Manuscripts must be written in English, and authors should ensure their manuscript is grammatical and intelligible. Manuscripts ordinarily will be between 6,000 and 9,000 words, including all notes and references. Manuscripts should be submitted as a single Word document, double-spaced and with consecutive page numbering. Avoid unnecessary formatting for the sake of appearance. The text should be in single-column format. Please use Times New Roman 12-point font throughout the manuscript. Articles should follow the APA style. Reliable information on the APA style is available here.
The first page of the document must include the following:
All author names (with family names indicated clearly), affiliations, and complete postal and email addresses
Telephone and fax numbers (with country and area code) for the corresponding author
A brief author biography of 50-75 words for each author. Provide details of position, institutional/organizational affiliation, and other pertinent professional information.
Submissions must include an abstract of no more than 250 words. The abstract should clearly state the article’s central argument and main conclusion(s).
Authors should include a list of up to six keywords indicating the topic of the article.
Spelling and language
Please use good American English throughout. Please be aware that American English uses an -ize rather than -ise ending. Use respectful language that is bias free. Language should be gender-neutral. For example, use “humankind” rather than "mankind." Masculine pronouns should be applied only to males. Non-English words that are not well known to global users of English should be explained within the text and italicized. The author is responsible for ensuring that non-English spelling and transliterations are rendered accurately, and with the system regarded as standard for the discipline.
Title and headings
The article title should be centered 14-point Times New Roman font. Headings should be centered, and in 12-point Times New Roman bold font and set on a line separate from the text. Subheadings should be aligned left, and in 12-point Times New Roman bold font set on a line separate from the text. The use of sub-subheadings should be avoided. If sub-subheadings are necessary, they should be aligned left, and in italicized 12-point Times New Roman font set on a line separate from the text.
The start of a new paragraph should be indicated by indenting the first line 0.5 inch. Justification should be "off", with the right margin uneven. Do not insert an empty line between paragraphs except when there is a heading. In which case, there should be an empty line both above and below the heading.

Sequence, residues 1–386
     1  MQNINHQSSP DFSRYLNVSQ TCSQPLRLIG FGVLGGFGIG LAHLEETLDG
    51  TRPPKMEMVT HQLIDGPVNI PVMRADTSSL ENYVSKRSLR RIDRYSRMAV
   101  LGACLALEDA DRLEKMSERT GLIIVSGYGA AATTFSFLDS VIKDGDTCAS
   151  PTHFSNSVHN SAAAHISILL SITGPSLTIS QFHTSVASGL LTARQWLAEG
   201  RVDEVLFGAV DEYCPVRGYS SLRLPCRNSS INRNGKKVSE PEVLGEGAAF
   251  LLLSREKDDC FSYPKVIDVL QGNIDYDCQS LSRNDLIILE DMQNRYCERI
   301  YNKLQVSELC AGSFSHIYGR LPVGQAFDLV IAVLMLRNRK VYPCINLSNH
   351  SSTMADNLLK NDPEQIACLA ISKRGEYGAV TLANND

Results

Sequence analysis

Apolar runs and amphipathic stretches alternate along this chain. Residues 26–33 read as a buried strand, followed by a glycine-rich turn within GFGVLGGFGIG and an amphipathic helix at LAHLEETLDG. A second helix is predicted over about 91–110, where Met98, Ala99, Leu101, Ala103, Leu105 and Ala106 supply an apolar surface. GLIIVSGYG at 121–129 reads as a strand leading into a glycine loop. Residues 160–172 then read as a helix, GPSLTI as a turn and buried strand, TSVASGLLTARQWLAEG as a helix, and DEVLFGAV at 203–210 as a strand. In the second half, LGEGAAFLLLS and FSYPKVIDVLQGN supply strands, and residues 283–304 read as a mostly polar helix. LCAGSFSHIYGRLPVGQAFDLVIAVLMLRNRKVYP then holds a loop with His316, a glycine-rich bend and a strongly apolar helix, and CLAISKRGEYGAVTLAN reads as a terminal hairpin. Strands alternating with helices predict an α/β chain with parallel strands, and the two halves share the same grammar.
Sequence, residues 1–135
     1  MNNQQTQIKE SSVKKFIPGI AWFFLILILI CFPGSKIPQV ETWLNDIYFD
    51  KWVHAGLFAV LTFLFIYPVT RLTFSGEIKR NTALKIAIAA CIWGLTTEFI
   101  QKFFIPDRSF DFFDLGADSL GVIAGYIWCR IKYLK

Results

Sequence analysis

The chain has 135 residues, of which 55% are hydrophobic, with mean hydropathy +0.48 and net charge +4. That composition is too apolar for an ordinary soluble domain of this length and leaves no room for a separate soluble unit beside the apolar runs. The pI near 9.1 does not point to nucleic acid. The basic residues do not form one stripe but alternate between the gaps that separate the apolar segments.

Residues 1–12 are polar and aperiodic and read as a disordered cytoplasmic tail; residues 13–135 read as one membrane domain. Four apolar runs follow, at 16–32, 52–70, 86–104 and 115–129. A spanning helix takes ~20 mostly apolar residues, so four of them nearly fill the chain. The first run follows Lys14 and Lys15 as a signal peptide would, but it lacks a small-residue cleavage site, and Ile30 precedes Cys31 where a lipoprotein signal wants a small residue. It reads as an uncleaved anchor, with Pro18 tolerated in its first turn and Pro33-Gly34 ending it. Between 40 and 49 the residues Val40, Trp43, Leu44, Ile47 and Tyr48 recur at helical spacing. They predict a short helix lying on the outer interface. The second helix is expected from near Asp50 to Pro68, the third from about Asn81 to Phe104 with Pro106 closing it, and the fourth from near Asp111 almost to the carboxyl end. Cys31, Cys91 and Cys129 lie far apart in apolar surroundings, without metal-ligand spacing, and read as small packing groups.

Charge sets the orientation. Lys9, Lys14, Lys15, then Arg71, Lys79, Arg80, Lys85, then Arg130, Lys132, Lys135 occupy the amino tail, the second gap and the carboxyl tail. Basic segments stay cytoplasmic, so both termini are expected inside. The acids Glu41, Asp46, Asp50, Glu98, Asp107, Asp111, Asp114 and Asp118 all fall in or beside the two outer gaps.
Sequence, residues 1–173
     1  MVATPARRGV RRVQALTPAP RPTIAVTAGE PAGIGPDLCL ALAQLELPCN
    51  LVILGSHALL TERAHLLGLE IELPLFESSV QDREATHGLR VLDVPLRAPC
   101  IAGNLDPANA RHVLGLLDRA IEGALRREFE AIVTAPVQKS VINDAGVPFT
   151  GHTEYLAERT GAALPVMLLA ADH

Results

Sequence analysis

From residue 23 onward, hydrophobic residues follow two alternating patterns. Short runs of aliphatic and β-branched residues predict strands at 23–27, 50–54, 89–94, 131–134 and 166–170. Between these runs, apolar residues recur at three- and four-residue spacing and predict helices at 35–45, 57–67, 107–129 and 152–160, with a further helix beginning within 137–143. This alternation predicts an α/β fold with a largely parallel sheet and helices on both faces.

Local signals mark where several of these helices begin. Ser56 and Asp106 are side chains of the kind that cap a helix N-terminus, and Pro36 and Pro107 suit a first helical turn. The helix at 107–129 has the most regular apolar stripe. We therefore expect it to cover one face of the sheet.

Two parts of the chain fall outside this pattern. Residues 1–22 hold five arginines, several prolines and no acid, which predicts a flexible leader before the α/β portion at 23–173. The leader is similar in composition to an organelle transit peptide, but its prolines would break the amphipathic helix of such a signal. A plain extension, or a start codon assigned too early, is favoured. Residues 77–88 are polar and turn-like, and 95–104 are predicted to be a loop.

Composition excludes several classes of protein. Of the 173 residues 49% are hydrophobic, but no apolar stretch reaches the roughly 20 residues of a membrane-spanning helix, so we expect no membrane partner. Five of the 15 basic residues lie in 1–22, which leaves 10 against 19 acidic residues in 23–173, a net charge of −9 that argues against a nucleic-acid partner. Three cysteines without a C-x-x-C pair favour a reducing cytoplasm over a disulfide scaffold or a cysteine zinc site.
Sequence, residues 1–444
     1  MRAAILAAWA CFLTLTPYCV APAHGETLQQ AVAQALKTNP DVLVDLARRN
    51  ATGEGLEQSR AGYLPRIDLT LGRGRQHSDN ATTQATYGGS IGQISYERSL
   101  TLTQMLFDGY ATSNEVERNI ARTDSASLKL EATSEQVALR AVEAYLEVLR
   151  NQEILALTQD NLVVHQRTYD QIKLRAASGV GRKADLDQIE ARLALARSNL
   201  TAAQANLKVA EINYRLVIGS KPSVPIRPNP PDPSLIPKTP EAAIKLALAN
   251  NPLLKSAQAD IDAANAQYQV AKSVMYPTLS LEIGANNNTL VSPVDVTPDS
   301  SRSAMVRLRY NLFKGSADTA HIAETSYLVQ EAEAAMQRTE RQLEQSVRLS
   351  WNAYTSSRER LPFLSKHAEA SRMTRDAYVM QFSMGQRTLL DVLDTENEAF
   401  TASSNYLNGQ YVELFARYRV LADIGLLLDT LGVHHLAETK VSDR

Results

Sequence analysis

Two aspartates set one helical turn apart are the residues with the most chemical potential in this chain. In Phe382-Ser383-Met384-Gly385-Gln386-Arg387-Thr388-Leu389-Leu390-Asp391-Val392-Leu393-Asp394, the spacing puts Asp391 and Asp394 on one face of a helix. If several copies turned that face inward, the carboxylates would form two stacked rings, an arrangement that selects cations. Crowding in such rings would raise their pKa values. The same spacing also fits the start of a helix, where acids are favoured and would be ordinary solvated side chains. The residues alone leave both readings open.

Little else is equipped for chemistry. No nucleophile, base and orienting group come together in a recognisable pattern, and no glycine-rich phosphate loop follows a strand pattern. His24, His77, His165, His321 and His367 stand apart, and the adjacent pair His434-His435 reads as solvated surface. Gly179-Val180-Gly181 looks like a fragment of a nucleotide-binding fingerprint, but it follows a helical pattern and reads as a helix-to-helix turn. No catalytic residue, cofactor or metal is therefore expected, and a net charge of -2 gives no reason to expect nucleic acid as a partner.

Please do not use endnotes. Where necessary, use footnotes to elaborate or comment on material in the text. However, the use of footnotes should be kept to a minimum.
Tables and figures
Please keep tables, figures, charts to a minimum. Your text may highlight and summarize the main points in a table but it should not duplicate the detail. All diagrams, charts and graphs should be referred to as figures and consecutively numbered. Provide a descriptive caption below each figure. All tables should be consistent, as simple as possible, and contain only essential data. Tables should include a title above the table. Each figure and table must be given an Arabic numeral, and be referred to in the text. Tables and figures should be placed within the main text, not at the end of the document. The source should be indicated beneath the figure or table, and a citation provided.
The use of appendices should be avoided. If appendices are absolutely necessary, then they should be placed at the end of the document after the reference list.
Spell out only single-digit numbers (1-9) and use numerals for all others. Use numerals for percentages and spell out percent (for instance, 20 percent).
Use a single (not a double) space after a period (full stop), and after commas, colons, semicolons, and so on. Do not put a space in front of a question mark or other punctuation marks.
Use double quotation marks for quoted material within the text. Single quotation marks should only be used for quotes within quotes. Enclose periods and commas within quotation marks. Other punctuation should be outside quotation marks unless part of quoted material. Place direct quotations that are 40 words, or longer, in an indented (0.5 inch) free-standing block, and omit quotation marks. Do not italicize quotes.
Capitalization should be kept to a minimum. Only capitalize titles when preceding the name of a person holding the title. Do not capitalize references to public office holders, such as “legislators” or “presidents.” Do not capitalize theories, models, or diseases. Capitalize terms such as East and Eastern when used in a cultural sense, but not when used to refer to compass directions.